I think it's both a good and a bad thing. What's lost is that it's harder to figure out what's actually good and what's just being over-hyped. A lot of music blogs start just because people want free music. If you say you run a music blog you can get on promo mailing lists. I think a lot of people just want to get free stuff. They are not necessarily writing about music to think critically about it but to get access to music that other people have. To a certain extent there is just a lot of bad writing, because they don't have editors checking their work. I think you can say that about the Internet in general. There are so many people writing now, not just in music blogs but in all blogs.

On the plus side, having so many of these blogs means there are a lot more tastemakers. People can curate their own blog and find music that they like. That's been great for people like me, because I get so much music that comes my way, it's nice to have a blog where someone has listened to it. To a certain extent, stuff like that is great. One other aspect of you leaving St. Louis is that you will be ending your show on KDHX, International Pop Overthrow. Do you have a favorite experience DJing?

I love DJing. I'm going to miss my radio show so much. I told someone once that it's like an oasis in my week. KDHX is so unique and awesome in St. Louis because you can play anything. I love finding some gems and playing them for people.


I did a special show once... This is so going to stereotype me as an REM fan, but I did a show on the 25th anniversary of REM's Murmur in 2008. One of the producers of that was Don Dixon, and I approached him ... through his website and said, "I want to interview you for this." I went to the station and asked him questions about recording the album and [his] experiences with it, from a production and a fan's standpoint. I talked to him for half an hour and edited the interview into ten-minute segments, and then played that and the album and put together a two-hour radio special.

It's funny because a couple of weeks ago -- Don lives in the Cleveland area now -- he played at a venue down the street from where my boyfriend lives. Finally: My boyfriend had copies of the show and he delivered them to Don. The next morning I got an e-mail from him thanking me for sending him the show. I was just so thrilled that he took the time to listen to it, something that happened three years ago, and took the time out to e-mail me. I was really touched by that.

What's the craziest request you've gotten?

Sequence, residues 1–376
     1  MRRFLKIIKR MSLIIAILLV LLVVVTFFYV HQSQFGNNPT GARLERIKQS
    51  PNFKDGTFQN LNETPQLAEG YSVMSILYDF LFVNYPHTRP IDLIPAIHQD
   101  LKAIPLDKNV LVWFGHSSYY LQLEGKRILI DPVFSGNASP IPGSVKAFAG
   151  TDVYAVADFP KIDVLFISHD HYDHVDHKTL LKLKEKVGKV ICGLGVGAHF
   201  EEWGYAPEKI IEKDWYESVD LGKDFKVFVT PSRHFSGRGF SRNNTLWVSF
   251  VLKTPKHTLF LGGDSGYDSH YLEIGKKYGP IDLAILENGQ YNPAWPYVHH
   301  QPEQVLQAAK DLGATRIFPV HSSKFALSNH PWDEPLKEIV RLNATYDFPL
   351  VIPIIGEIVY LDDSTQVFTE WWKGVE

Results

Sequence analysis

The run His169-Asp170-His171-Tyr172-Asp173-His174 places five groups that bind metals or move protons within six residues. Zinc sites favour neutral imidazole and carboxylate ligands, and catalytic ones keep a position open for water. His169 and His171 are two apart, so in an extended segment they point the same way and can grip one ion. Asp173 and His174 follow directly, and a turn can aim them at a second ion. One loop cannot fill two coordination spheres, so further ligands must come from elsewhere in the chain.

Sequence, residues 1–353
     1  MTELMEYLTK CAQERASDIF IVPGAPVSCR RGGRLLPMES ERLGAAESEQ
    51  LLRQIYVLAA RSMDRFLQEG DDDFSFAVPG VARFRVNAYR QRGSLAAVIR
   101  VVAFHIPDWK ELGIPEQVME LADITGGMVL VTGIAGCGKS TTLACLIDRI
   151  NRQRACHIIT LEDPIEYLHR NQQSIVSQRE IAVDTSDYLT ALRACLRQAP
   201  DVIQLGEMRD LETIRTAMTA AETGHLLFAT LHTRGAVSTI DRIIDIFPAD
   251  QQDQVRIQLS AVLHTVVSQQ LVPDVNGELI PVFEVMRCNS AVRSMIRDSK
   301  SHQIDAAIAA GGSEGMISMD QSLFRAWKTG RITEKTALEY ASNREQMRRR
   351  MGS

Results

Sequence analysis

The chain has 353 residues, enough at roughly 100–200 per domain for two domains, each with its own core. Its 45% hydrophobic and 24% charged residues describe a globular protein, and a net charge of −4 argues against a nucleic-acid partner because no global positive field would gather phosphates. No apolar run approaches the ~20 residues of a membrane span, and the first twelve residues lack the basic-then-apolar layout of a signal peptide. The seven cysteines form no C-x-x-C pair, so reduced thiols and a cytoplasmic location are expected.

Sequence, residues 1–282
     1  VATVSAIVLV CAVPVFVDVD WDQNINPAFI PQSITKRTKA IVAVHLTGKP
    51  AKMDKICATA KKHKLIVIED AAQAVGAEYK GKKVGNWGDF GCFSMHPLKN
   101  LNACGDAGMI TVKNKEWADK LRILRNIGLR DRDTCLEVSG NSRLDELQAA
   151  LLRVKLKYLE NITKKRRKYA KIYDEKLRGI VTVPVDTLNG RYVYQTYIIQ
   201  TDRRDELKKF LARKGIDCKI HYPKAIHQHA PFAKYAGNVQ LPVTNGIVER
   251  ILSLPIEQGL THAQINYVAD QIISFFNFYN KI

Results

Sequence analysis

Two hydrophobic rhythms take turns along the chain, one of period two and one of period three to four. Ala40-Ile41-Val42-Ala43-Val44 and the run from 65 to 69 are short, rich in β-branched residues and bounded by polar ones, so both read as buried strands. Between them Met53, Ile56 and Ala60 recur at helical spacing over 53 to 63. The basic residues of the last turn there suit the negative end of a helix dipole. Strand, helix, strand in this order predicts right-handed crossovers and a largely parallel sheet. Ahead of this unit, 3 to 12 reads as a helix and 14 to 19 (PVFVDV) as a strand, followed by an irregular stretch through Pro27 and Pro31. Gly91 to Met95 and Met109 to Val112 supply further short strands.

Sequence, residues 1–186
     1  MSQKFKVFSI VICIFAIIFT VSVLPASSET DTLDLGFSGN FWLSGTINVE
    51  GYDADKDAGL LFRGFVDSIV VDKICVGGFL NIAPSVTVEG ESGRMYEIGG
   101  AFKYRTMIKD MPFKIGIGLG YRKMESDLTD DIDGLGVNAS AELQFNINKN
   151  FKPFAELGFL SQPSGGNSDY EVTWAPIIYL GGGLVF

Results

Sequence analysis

I had a listener ask me out once. I felt so bad because I think he was a little bit embarrassed by that.

How did you decide on the name for your radio show?

It was inspired by the album by Material Issue. I think when I started my show I wanted it to be a little more power-pop oriented. International Pop Overthrow by Material Issue was the perfect power-pop record, so I named my show after that.

Given the amount of promo music you've received as the Riverfront Times music editor, I presume collecting music is probably not a necessity for you? Why do you still collect music?

I like that you presume that since I get so many CDs that collecting is not a necessity, because I think a lot of people might think the opposite. What's interesting, especially with promo CDs, is it's gotten a lot more digital now. In the past couple years it's increasing that I get more disc files sent to me for download or streaming audio. So I don't get tangible artifacts from publicists anymore. I still get a lot of mail, don't get me wrong, but I definitely get not as [much].

Collecting for me... I guess I'm a little more judicious about what I collect just because I have so much stuff. I feel if I don't either get rid of things I don't listen to or pare down my collection, I'm going to be an episode of Hoarders in a decade. It's funny [about] vinyl because I've not had a working record player in the time I've lived in St. Louis. I have a record player, but I don't have a receiver and I don't have speakers. I have a lot of vinyl. My boyfriend has a working record player or two so I can actually start listening to the vinyl I have. I feel I might be buying more vinyl now just because I can actually listen to it.

I guess that's not entirely true in terms of collecting [vinyl]. Last summer, [my boyfriend and I] went to a garage sale together. It was this ex-DJ, a notorious Cleveland DJ named Flash Gordon, selling off his entire collection of 45s. We bought them and we got about 3,000 45s. We brought home something like fifteen boxes.

I still buy CDs. I went and bought the new REM record the week it was released. I bought the new Cut Copy record Zonoscope. I previewed it on AOL's Spinner and needed to [own] it. I needed to have it because I like to listen to records in my car.

In your time in St. Louis, do you think there is any aspect of record collecting that is absent in other cities?

I always tell people how awesome the record shopping is in St. Louis. You look around, and we have so many independent record stores. For a region this size, I think it's remarkable. I look at Cleveland and there are a certain amount of record stores, but I'm actually going to miss the record shopping here a lot. Just the people who run them, there is such a passion for collecting and passion for music. I don't think you'll find that in a lot of other cities.